And there is a search for alternative explanations of the economic crises seen in the growth of visitors to our Socialist web site http://www.socialiststudies.org.uk/. The working class, and particularly students studying courses like economics, have been told for over two decades that Marx and his ideas had been long been buried under the rubble of the Berlin Wall but, giving the recent events in world capitalism, it is now time for workers to “think for themselves. Workers should read what Marx wrote and not what his critics said he wrote and perhaps act upon his revolutionary Socialist conclusion; get rid of capitalism and replace the profit system with a society of free and voluntary labour just producing to meet people’s need.

“He’s Back” but as a two-dimensional cartoon figure of fun

Marx has now made another appearance at the Open University but not a flattering one. Under the heading “Is Religion a Virus or is it Social Control?” a sixty second cartoon depicting Marx and the Russian Revolution had this to say:

Karl Marx was a German philosopher, economist and the least funny of the Marx’s. In the snappingly entitled “A Contribution to a Critique of Hegel’s Philosophy of Right” he famously called religion the opium of the people. Religion was not only used by those in power to oppress the workers but it also made them feel better about being oppressed when they could not afford real opium. He thought that if the comport blanket of religion was taken away at last the workers would have to do something about their terrible conditions. In Marx’s dream of a Communist revolution, religion would be abolished and the workers would be so happy being equal they simply wouldn’t need it anyway. But unfortunately for Marx the revolution in Russia came after he died and go to where it is Atheists go. By then, Stalin and his gang proved there were other ways to oppress people which did not have any of the fun bits of religion or indeed opium.

Whether the cartoon was successful or not in persuading potential students to study religion at the Open University we do not know or care. But if this is indicative of their scholarship, interest in political ideas and understanding of Marx we feel sorry for those they will end up teaching.

What Marx wrote on religion was this:

Religious suffering is, at one and the same time, the expression of real suffering and a protest against real suffering. Religion is the sigh of the oppressed creature, the heart of a heartless world, and the soul of soulless conditions. It is the opium of the people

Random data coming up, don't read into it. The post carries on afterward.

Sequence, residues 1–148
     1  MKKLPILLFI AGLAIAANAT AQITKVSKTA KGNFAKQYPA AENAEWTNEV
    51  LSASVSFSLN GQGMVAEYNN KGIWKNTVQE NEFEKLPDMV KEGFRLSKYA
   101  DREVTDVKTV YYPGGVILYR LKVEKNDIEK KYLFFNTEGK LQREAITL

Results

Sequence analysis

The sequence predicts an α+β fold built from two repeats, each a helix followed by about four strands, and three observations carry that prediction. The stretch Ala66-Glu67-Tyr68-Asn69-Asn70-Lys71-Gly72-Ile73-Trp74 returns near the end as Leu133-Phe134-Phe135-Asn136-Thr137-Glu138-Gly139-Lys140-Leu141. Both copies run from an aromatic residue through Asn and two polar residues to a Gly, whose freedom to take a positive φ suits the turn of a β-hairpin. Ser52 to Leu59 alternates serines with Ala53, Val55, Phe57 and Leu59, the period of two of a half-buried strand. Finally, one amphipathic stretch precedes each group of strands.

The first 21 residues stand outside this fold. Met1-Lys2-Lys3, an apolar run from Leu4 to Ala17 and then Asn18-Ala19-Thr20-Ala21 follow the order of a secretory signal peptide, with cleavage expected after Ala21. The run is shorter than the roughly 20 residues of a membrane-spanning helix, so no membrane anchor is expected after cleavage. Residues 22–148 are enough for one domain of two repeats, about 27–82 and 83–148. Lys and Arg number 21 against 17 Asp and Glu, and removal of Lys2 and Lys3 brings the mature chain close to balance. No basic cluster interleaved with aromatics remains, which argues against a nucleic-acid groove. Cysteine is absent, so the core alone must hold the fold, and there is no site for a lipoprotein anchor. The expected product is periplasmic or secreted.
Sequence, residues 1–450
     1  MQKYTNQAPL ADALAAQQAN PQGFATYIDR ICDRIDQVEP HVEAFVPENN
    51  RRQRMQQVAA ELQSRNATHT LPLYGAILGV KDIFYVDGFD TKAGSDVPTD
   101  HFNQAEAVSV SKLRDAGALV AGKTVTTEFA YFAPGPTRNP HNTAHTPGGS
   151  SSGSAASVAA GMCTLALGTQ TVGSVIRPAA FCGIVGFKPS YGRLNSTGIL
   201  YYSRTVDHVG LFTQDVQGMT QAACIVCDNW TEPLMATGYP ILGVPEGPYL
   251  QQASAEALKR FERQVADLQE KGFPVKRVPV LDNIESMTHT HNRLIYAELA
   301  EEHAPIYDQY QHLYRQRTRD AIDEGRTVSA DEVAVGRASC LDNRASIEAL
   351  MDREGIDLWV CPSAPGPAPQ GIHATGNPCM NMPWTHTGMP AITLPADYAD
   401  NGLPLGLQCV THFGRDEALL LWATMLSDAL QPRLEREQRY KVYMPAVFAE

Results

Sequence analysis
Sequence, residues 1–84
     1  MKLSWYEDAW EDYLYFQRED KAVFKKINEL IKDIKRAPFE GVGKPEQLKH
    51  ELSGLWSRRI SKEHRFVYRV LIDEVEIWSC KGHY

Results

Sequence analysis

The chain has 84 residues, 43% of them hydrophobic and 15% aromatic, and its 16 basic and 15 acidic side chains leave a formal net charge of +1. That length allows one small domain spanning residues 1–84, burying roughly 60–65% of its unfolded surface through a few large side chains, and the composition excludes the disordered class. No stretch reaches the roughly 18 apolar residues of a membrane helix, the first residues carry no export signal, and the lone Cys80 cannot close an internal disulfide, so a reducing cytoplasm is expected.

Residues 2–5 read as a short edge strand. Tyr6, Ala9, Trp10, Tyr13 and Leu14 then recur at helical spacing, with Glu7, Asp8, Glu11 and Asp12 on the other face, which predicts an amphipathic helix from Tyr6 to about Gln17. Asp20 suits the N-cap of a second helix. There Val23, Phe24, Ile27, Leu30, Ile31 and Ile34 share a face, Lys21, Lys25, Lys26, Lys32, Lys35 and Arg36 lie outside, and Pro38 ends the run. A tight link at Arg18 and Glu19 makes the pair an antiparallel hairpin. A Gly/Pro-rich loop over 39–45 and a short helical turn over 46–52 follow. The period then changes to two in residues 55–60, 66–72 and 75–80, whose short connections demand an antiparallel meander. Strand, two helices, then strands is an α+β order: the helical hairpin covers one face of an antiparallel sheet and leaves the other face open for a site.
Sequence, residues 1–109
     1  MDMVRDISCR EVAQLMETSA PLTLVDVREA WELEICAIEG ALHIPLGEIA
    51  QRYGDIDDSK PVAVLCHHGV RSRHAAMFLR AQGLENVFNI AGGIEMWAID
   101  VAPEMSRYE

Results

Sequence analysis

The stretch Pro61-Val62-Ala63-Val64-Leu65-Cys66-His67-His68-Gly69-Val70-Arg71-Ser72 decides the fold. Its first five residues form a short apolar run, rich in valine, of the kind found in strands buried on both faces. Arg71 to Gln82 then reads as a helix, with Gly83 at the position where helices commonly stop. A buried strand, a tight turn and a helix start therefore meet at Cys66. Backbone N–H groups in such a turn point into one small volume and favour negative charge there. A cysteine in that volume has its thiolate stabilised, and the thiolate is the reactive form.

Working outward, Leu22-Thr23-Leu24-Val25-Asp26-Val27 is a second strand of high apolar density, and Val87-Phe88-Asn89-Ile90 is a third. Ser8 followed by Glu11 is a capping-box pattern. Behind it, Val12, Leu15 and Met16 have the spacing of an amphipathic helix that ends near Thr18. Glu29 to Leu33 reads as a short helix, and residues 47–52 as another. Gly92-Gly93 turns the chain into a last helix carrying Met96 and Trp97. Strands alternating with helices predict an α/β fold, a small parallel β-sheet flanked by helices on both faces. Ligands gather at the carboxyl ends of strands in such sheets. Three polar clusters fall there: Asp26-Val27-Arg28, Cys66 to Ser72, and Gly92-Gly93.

If one reads the whole essay which makes up A CONTRIBUTION TO A CRITIQUE OF HEGEL'S PHILOSOPHY OF RIGHT, rather than just the quotation itself, then the themes Marx addresses owe more to the Young Hegelians and Feuerbach than the issues of class, class interest and class struggle found in his later writings like THE GERMAN IDEOLOGY of 1846 and the COMMUNIST MANIFESTO of 1848. His analysis of religion in his essay contains no reference to class analysis as inferred by the Open University extract although the passage does offer a social tension between a legitimation of existing social conditions and a protest against it, although that protest is non-political.

Not only has Marx’s comment on religion been taken out of its context but the political point being made in the Cartoon is wrong. Marx’s “Dreams of Communism” was not causally linked to Stalin’s Russia and the oppression of the working class there. There is no causal link between Marx’s conception of communism along with his insistence that communism must be established by the working class and the anti-Socialist policy of the Russian dictatorship under the Bolsheviks which repudiated Marx’s pivotal political role for the workers to establish Socialism for themselves. As for “Dreaming” about Communism, Marx did no such thing. He did not write “recipes for the future”. Socialism/communism came out of the conditions of capitalism.

Marx has now found his way back into the Open University but in a way that would have found approval with his Tory and DAILY MAIL detractors of the 1970’s. And as the playwright Edna Ferber marked: “A closed mind is a dying mind”. So it is, metaphorically, back to Sam Tyler’s bedroom in the BBC drama, LIFE ON MARS, “hooked to the silver screen” with those monochrome coloured philosophers interpreting the world in many ways but never changing it.